The telecommunications sector and communications service providers (CSPs) are undergoing massive operational transformations by leveraging Software Defined Networking (SDN) and Network Functions Virtualization (NFV) to increase network agility while lowering costs. As the next-generation 5G core will be cloud-native from the start, the evolution of NFV infrastructure to serve cloud-native apps is gaining popularity at all major Telecom firms.
Containers are not just being utilized in the core network or for easy software development; they are also deployed on customer premises and at the network’s edge, where low latency, robustness, and portability are critical.
However, considering the number of containers in a Telco application and the complex needs such as load balancing, monitoring, failover, and scalability, managing each container separately and ensuring minimal downtime is becoming impossible. As a result, container management is now handled by a Container Orchestration Engine such as Kubernetes (K8s). Massive infrastructure investments by current and “next-generation” telecom carriers are pushing the transition to Kubernetes, the central container-orchestration technology.
Kubernetes is a free and open-source container-management system that automates application deployment, scaling, and administration. Google created it, and it is now managed by the Cloud Native Computing Foundation (CNCF). It can manage containers on both bare-metal systems and virtual machines. Containers may now be utilized efficiently with private and public clouds such as AWS, GCP, Azure, etc.
The global telecommunications sector is addressing the usage of Kubernetes and cloud-native technologies to increase operational and development efficiency. Open Networking Automation Platform (ONAP), SDN Enabled Broadband Access, and other open-source projects (SEBA).
So, why use Kubernetes?
Kubernetes is an open-source framework for managing containerized workloads and portable and adaptable services. It maintains containerized applications by supplying functionality for robustly running distributed systems. Here are some of its features:
- Self-healing: Kubernetes restarts failing containers, replaces containers, destroys containers that fail to react to user-defined health checks, and does not broadcast them to clients until they are ready for usage.
- Resources management: Kubernetes allows you to determine how much CPU and memory (RAM) each container requires. Kubernetes can make better judgments about how to manage container resources.
- Horizontal autoscaling: Kubernetes auto scalers automatically scale an application up or down based on resource utilization (within defined limits).
- Service discovery and load balancing: Kubernetes may expose a container using its DNS name or IP address. If there is a lot of traffic to a container, Kubernetes may load balance and spread the network traffic to keep the deployment stable.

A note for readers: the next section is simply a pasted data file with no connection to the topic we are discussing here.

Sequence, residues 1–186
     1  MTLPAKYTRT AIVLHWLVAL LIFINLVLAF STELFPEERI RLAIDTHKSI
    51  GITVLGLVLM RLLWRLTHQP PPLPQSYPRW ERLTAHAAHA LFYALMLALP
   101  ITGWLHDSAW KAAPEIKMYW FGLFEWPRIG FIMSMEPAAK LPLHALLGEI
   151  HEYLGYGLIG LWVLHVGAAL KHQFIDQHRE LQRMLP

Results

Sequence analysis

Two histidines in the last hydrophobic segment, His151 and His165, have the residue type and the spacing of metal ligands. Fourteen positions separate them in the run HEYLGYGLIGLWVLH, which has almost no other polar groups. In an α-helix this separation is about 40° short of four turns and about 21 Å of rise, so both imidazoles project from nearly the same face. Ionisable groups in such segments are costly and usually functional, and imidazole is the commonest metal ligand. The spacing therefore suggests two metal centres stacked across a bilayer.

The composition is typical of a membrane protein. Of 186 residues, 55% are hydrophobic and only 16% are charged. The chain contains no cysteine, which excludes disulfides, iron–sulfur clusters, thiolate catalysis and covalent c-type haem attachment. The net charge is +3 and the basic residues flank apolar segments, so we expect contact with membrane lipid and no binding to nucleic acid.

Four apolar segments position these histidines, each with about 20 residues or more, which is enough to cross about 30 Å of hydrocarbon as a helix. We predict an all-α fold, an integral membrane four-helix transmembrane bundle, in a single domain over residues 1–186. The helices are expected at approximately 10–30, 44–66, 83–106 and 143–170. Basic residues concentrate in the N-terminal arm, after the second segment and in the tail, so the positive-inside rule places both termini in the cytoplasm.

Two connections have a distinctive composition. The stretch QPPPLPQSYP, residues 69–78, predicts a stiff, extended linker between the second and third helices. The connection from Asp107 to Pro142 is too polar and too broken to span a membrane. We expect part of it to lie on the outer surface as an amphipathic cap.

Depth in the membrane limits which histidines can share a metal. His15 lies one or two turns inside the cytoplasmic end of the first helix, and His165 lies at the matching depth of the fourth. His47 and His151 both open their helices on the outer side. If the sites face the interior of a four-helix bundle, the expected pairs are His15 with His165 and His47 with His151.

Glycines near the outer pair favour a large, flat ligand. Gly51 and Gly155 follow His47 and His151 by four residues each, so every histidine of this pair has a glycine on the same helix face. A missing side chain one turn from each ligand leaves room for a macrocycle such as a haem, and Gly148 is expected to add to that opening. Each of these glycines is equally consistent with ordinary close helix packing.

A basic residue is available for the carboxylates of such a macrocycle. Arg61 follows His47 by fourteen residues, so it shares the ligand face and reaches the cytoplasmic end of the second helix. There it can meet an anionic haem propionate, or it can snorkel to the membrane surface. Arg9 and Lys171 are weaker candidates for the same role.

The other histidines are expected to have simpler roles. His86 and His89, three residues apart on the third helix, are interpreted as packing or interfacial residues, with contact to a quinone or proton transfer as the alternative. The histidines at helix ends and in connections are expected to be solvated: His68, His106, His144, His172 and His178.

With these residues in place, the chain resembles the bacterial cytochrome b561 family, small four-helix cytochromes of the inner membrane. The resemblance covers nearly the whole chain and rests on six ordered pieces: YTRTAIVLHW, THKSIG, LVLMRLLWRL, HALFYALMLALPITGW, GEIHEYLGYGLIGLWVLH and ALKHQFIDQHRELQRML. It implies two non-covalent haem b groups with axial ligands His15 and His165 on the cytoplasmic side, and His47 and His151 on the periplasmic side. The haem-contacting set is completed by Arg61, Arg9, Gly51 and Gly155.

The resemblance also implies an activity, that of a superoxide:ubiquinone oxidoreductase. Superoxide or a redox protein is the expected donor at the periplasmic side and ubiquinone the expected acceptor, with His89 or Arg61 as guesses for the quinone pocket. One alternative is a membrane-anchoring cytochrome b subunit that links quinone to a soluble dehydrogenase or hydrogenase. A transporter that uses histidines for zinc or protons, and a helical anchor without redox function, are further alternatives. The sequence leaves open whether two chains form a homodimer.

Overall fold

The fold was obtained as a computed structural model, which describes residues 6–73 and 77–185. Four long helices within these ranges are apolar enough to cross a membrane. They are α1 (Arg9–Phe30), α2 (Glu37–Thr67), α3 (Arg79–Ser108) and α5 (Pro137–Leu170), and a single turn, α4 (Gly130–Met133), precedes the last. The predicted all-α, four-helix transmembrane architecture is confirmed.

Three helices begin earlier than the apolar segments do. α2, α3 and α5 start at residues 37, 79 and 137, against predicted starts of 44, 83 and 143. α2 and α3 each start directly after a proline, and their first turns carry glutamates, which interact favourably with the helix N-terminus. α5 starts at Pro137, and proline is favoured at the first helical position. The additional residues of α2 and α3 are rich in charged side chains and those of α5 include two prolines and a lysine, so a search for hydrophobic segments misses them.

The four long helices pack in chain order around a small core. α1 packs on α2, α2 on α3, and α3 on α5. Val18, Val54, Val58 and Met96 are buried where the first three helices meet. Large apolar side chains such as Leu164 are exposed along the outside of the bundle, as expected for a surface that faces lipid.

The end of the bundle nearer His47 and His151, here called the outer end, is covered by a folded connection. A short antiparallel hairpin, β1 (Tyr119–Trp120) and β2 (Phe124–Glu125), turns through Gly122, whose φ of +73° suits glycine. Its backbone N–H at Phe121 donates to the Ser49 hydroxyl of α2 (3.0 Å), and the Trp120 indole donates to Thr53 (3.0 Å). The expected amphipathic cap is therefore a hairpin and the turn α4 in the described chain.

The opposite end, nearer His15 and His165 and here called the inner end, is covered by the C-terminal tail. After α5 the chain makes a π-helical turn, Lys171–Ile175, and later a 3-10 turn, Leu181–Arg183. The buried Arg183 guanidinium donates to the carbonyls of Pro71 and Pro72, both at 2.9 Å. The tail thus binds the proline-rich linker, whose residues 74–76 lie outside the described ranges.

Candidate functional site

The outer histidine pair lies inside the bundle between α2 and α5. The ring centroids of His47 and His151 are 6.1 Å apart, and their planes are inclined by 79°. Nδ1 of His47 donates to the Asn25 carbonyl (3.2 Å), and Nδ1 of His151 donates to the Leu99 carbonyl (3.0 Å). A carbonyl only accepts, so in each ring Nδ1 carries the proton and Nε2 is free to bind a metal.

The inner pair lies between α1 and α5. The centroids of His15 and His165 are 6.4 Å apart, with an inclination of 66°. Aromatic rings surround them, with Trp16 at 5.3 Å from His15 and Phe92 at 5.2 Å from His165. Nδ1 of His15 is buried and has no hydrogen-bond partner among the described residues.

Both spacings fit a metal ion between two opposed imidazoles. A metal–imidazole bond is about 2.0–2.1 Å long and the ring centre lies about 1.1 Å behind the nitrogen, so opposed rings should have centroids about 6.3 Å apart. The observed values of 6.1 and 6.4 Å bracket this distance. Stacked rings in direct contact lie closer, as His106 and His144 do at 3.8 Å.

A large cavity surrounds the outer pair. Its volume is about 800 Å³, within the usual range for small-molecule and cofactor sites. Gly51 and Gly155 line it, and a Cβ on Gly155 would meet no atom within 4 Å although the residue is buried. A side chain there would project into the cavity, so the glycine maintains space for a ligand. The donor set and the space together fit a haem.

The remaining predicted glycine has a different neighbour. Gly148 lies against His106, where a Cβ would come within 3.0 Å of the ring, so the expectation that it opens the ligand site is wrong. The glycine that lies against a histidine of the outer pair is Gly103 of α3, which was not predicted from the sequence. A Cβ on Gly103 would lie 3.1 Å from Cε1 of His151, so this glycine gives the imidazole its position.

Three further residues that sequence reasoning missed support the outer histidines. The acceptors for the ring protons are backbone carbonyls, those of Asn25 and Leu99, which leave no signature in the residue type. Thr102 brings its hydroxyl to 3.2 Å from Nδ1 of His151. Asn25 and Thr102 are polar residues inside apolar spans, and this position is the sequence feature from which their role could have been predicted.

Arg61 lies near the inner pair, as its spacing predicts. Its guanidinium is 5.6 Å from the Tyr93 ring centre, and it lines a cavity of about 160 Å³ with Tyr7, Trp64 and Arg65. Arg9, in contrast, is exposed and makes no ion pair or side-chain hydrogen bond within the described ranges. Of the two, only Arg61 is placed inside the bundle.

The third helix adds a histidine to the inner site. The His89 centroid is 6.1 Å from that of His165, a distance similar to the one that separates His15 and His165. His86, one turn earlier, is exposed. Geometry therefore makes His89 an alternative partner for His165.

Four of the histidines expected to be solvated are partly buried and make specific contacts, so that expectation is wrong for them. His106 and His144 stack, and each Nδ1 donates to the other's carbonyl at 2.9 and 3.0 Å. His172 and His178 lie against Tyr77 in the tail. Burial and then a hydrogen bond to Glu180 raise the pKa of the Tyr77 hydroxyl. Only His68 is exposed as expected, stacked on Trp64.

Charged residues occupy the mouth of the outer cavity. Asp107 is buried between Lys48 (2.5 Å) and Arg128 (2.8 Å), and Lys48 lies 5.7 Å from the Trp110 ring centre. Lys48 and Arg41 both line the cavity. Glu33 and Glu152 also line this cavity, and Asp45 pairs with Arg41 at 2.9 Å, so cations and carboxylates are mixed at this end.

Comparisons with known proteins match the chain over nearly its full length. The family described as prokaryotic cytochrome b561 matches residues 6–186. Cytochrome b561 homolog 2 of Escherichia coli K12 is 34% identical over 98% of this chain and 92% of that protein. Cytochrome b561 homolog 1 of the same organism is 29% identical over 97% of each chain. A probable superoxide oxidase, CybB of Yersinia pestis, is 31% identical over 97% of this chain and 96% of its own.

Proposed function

- Storage orchestration: Kubernetes allows you to automatically mount your preferred storage systems, such as local storage, public cloud providers, and others.
- Rollouts and rollbacks: You may specify the ideal state for your deployed containers. It will transform the actual state into the desired shape at a regulated rate.
How does Kubernetes work?
A Kubernetes cluster orchestration system comprises at least one cluster master and several worker computers known as nodes. When you engage with K8s, you are connecting with the Kubernetes master of your cluster. The K8s primary node keeps your cluster in the best possible shape, while the worker nodes in a cluster are the machines (VMs, physical servers, etc.) that run your apps and cloud operations.
The K8s Master node is made up of several parts, including:
- Kube-apiserver: The Kubernetes API is exposed. It is the Kubernetes control plane’s front-end. All REST (Representational State Transfer) queries are received by the central management entity.
- Etcd: A basic, distributed key-value storage system used to store Kubernetes cluster data, API objects, and service discovery information.
- Kube-controller-manager: Runs multiple controller processes in the background to manage the cluster’s shared state and execute basic operations. When a change happens in a service configuration, the controller detects it and begins working toward the new target state.
- Kube-scheduler: Watches freshly formed pods with no node assigned and chooses a node for them to run on depending on resource use. It reads the operational needs of the service and schedules it on the best-fitting node.
The K8s Workers are made up of three parts:
- Kublet: An agent that runs on each worker node in the cluster to ensure that pods and containers are healthy and properly functioning.
- Kube-proxy: A service that runs on each worker node to handle individual host subnetting and expose services to the outside world. It routes requests to the appropriate pods/containers across a cluster’s segregated networks.
- Container runtime: To execute containerized programs, use a container engine such as Docker. Kubernetes has multiple abstractions that reflect your system’s state: deployed containerized apps and workloads, their related network and storage resources, and other information about what your cluster is doing. These abstractions are represented in the Kubernetes API through objects such as Pod, Service, Volume, Namespace, ReplicaSet, Deployment, etc.